The Joplin Globe
Sure, we all know that more walking and less driving would be better for our health. That, in turn, would keep some of us from having to go to the doctor to be treated for high cholesterol, high blood pressure and type 2 diabetes.
Some studies have even shown that a daily 30-minute walk helps fight off Alzheimer’s disease.
But comparing a pedestrian’s traveling ease with the health of a local economy is rarely discussed in economic summits.
Mark Fenton, the former editor at large of Walking magazine and the former host of the PBS television series “America’s Walking,” was in Crawford County, Kan., last week to conduct a health audit of Pittsburg and Girard.
“Spending money on sidewalks so children can walk to school means districts can save huge dollars on busing. Having access to hiking and biking trails, which are connector routes between schools, stores, neighborhoods and parks, keeps young families from moving away and could even attract families to the area, which in turn improves the business climate,” he said in talking with Kansas officials.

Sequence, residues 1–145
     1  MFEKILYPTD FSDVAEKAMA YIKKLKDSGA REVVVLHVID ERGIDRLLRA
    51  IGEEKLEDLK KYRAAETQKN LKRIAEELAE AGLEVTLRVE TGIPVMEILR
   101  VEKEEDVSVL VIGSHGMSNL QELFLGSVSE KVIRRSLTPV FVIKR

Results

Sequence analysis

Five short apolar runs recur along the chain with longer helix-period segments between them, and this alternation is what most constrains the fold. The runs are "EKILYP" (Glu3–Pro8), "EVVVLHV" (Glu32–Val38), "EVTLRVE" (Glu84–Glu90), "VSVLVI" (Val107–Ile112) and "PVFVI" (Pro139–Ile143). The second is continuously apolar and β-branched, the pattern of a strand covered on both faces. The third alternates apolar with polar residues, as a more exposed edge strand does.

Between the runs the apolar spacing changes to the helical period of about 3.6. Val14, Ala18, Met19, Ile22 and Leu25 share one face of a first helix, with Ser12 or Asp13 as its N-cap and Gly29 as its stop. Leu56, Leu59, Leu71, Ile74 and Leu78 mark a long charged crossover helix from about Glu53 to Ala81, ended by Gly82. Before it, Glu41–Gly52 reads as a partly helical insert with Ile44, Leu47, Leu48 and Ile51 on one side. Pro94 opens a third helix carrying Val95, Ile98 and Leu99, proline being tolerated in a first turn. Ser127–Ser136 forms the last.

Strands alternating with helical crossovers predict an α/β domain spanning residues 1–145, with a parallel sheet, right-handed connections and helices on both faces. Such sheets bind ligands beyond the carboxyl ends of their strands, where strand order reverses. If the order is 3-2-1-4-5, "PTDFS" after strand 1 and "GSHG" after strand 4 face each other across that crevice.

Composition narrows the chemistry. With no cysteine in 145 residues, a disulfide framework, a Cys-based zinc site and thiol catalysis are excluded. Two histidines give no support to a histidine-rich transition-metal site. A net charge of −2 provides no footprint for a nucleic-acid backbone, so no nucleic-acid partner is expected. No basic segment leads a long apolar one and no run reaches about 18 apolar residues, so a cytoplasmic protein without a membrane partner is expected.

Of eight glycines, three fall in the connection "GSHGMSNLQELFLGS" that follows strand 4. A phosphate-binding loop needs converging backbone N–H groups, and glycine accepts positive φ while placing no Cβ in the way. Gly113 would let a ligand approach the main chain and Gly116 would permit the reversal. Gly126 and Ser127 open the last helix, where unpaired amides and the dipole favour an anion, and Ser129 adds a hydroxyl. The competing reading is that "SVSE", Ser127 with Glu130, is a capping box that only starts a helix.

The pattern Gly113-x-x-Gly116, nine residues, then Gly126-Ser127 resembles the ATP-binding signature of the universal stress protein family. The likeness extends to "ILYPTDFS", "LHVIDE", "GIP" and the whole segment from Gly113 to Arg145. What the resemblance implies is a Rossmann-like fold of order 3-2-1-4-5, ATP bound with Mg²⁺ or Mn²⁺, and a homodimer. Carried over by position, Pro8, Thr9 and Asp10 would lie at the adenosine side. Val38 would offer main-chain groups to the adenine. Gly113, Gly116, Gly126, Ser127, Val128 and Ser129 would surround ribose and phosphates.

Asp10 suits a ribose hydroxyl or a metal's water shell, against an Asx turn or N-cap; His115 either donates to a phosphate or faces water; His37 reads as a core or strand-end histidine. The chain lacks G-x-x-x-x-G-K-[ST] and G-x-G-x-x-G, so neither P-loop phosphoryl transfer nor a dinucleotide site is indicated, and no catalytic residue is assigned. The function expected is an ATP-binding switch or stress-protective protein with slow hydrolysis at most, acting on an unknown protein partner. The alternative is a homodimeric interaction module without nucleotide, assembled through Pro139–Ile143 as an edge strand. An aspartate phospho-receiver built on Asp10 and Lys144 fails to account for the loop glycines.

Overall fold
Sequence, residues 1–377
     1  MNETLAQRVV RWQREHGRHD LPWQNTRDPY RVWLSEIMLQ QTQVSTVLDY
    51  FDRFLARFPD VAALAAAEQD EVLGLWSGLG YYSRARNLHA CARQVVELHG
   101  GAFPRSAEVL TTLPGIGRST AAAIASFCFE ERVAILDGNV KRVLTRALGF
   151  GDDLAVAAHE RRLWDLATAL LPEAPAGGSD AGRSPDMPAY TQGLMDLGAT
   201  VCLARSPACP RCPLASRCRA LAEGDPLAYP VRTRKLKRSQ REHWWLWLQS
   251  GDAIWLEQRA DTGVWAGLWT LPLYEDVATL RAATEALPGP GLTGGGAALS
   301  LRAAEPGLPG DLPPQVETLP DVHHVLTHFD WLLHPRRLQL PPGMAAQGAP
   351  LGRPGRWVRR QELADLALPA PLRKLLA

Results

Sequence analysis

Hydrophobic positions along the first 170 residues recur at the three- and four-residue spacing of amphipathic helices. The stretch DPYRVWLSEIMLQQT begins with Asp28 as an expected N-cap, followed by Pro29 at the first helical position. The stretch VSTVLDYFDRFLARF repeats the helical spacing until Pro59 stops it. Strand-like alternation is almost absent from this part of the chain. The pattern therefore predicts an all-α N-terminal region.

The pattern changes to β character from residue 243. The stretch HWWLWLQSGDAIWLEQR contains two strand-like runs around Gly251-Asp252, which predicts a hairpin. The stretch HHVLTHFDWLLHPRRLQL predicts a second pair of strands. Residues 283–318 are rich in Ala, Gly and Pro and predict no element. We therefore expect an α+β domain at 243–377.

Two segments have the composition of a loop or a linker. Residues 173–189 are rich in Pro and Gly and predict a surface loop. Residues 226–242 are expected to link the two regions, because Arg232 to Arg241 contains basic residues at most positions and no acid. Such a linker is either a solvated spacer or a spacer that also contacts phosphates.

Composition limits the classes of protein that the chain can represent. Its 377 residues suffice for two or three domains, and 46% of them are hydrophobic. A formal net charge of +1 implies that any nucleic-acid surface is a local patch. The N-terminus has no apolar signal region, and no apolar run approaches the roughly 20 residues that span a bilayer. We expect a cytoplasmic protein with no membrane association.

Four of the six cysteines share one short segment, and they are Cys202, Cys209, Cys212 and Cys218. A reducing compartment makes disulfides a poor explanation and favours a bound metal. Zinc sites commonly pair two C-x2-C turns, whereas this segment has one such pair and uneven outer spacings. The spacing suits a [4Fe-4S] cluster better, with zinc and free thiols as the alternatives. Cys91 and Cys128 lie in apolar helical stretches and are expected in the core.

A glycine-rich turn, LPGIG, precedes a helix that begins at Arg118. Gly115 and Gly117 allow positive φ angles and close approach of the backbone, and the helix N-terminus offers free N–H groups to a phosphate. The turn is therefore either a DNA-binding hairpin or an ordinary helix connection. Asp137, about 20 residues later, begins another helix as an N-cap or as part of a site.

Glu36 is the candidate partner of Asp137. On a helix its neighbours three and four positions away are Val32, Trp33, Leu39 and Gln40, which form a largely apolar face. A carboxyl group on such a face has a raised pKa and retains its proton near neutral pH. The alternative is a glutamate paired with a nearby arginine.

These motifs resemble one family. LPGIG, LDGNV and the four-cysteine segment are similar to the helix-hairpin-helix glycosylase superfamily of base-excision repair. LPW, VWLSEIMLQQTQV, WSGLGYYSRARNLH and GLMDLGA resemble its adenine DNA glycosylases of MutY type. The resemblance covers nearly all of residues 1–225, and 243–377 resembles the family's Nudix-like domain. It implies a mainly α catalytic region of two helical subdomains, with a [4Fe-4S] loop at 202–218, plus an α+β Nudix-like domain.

He cites a study by the National Association of Realtors that found that communities whose housing markets held up well during the recent economic downturn were those that had connective routes linking neighborhoods, parks, schools and recreation areas.
Let’s just imagine a Range Line Road with sidewalks. Now, instead of pulling off and onto the busy trafficway, a shopper with a few errands could do all that on foot. Makes the idea of exploring Range Line stores seem a lot more consumer-friendly.
Joplin has an opportunity now to make some of the changes that Fenton is talking about in neighborhoods that are being rebuilt following the 2011 tornado. Builders and businesses should work with the city to see that sidewalks are part of the infrastructure.
Fenton said that type of city planning will ensure a healthier future for our children. It might also play a role in the health of the economy our children work in.